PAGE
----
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True, not but helpful here. If you say "z <- lm" and then x(z) you get "z", not "lm". –  Harlan Oct 14 '09 at 18:43
True, although it's unclear what the right behavior is then. Which function is "canonical" and should be printed? –  Jonathan Chang Oct 15 '09 at 0:15
In a functional language, the name of the function is not really important. You can easily rename functions, or have functions without names. The match.call function just gives you the name of the variable that held the function when it was being called, so in that sense, it's doing the only thing it can do. I don't know that "canonical" really comes into it... –  Harlan Oct 15 '09 at 2:13
This is all true, but then what is the right answer in the context of the original question. I imagine Hamilton wants a function foo that generates reports of the form > foo(MyFunction.1, MyFunction.2) MyFunction.1 867 MyFunction.2 5309 The question is if Hamilton sets MyFunction.1 <- MyFunction.3, should the report print out MyFunction.1 or MyFunction.3? –  Jonathan Chang Oct 15 '09 at 14:04
I should also mention that many functions, such as lm, use match.call to label its summary reports. –  Jonathan Chang Oct 15 '09 at 14:10
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When a function is passed around as an object, it loses its name. See, for example, the results of the following lines:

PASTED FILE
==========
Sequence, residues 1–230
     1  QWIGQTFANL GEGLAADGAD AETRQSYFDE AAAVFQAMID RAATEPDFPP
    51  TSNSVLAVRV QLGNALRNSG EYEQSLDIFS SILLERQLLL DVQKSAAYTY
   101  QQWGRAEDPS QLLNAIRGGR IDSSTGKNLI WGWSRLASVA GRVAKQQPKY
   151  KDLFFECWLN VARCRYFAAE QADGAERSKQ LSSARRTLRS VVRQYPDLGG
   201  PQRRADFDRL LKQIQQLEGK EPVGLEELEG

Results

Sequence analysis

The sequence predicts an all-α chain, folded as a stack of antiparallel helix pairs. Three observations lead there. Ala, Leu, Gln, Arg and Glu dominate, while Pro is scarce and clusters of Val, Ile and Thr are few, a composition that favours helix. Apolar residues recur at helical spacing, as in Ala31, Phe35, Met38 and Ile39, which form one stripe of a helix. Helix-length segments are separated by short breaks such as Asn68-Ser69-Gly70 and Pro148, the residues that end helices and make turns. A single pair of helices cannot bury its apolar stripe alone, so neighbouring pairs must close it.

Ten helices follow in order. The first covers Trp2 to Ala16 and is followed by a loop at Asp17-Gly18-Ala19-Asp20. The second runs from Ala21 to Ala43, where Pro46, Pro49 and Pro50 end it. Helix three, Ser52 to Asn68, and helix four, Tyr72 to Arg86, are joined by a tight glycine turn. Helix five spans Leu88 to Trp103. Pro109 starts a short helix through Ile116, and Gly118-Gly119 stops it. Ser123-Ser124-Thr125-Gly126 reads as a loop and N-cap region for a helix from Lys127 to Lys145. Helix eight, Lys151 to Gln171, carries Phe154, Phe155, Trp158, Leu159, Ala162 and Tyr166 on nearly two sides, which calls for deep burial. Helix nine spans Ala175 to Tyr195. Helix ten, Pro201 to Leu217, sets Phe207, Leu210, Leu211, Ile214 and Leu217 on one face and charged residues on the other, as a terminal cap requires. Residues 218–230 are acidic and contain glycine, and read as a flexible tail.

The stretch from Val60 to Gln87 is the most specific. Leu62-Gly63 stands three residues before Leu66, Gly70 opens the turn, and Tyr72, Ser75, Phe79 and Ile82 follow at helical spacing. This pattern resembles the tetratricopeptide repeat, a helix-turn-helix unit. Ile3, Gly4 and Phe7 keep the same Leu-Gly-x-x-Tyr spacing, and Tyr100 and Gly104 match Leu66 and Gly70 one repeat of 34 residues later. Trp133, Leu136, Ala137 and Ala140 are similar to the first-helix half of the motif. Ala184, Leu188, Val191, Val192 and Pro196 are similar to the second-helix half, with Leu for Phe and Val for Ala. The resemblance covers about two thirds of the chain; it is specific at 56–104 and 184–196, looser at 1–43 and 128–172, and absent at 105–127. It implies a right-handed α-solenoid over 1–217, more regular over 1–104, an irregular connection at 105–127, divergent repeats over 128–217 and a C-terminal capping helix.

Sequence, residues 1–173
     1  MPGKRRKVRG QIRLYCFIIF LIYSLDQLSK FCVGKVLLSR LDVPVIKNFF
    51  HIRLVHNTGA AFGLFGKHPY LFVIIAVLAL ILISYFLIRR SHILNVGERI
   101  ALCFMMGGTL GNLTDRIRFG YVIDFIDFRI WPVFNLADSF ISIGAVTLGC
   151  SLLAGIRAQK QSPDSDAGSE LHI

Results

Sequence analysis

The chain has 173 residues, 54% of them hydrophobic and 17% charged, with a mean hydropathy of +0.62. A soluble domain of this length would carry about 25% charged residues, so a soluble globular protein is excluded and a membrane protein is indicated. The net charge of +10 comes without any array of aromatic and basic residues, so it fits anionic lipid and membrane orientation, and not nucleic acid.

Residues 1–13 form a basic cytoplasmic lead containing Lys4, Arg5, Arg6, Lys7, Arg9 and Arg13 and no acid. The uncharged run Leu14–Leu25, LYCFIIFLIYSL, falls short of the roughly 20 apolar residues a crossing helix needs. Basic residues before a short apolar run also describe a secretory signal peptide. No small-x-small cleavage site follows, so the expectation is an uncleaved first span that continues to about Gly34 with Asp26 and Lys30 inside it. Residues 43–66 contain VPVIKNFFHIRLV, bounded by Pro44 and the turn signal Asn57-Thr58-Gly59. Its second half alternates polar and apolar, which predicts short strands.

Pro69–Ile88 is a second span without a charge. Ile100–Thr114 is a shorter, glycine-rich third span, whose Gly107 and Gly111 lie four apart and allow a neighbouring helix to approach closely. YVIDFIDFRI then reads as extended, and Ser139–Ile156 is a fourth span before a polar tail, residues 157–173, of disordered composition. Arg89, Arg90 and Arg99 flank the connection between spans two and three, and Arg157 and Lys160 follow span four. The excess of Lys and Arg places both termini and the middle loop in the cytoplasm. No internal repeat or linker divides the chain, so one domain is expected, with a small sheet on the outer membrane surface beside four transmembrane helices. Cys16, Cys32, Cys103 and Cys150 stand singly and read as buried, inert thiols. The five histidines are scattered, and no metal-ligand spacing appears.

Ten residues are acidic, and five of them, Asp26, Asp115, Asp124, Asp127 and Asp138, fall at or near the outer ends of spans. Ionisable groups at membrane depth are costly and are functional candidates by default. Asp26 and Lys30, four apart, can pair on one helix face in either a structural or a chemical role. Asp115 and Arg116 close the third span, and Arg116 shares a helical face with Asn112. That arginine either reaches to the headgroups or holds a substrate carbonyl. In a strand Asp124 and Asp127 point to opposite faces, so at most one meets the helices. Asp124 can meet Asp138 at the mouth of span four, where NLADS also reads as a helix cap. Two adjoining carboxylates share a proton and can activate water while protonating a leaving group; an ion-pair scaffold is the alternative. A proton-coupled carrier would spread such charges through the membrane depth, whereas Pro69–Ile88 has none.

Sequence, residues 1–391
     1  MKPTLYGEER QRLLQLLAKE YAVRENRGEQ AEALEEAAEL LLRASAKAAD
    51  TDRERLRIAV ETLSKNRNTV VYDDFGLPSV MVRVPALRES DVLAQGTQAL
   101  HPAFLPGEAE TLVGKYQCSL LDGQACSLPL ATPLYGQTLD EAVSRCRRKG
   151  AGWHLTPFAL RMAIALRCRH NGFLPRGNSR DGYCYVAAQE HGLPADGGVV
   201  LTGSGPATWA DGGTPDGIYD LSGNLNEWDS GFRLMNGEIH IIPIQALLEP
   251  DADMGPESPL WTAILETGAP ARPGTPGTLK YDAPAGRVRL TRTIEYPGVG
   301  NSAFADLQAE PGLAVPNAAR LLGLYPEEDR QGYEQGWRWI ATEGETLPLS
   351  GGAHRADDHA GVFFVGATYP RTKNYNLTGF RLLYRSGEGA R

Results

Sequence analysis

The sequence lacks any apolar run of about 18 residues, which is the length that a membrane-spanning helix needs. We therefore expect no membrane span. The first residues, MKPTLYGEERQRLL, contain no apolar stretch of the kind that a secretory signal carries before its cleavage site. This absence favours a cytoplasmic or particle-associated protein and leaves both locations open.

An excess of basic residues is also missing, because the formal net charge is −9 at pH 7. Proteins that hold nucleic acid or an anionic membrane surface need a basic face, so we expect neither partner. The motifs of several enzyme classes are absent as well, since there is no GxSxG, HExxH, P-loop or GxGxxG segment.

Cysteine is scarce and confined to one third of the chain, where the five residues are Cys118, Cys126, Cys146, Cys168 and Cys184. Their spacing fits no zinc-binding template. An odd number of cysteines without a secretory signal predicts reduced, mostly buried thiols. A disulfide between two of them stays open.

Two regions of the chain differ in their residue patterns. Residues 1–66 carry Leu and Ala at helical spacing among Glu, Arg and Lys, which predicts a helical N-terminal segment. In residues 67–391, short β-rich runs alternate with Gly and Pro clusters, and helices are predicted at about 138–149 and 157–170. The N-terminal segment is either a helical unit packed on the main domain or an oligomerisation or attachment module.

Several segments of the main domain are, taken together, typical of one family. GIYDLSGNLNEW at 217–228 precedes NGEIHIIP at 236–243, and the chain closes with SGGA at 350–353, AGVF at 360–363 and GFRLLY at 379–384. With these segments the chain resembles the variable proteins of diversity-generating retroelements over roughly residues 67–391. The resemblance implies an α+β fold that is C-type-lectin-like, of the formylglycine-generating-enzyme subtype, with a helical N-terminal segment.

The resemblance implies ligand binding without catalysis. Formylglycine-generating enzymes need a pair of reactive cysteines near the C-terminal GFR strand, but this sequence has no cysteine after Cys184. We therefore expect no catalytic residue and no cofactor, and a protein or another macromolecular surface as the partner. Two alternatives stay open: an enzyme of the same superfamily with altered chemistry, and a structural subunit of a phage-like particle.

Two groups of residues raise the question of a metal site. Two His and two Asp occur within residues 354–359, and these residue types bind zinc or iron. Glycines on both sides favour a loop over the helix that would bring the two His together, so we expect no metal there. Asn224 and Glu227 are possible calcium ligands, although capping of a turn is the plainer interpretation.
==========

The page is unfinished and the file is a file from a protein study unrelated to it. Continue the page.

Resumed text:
You can get the arguments and the body of the function, but not the name.

My suggestion would be to construct a named list of functions, where the name could be printed:

> somefns <- list(lm=lm, aggregate=aggregate)
> str(somefns)
List of 2
 $ lm       :function (formula, data, subset, weights, na.action, method = "qr", 
    model = TRUE, x = FALSE, y = FALSE, qr = TRUE, singular.ok = TRUE, 
    contrasts = NULL, offset, ...)  
 $ aggregate:function (x, ...) 

> somefns[[1]](dist ~ speed, data=cars)

somefns[[1]](formula = dist ~ speed, data = cars)

(Intercept)        speed  
     -17.58         3.93  

> names(somefns)[[1]]
[1] "lm"
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Just want to provide an example to show the advantage and limitation in this issue:

I want to "save" a function with its name, as an option that would be used in another function:

R> foreach(..., .combine=test_fun) {...}

The test_fun is the name of the function, and of course

R> mode(test_fun)  
[1] "function"

When I use it in foreach, I just need the function name, while test_fun can be an existing function (e.g. cbind). So, test_fun is assigned by

R> test_fun <- get('cbind')


R> test_fun <- assign('cbind', get('cbind'))

So, you got the function here

R> test_fun  
function (..., deparse.level = 1)   
.Internal(cbind(deparse.level, ...))  

actually, the original name can't be maintained, so you have no way to convert test_fun back to string "cbind".

R> deparse(substitute(test_fun))  
[1] "test_fun"

I unfortunately need to deparse the foreach code so want the original name shown in the string. This means that the only way is to save 'cbind' as a string and creating such a function object brings no benefit in this case.

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what about this: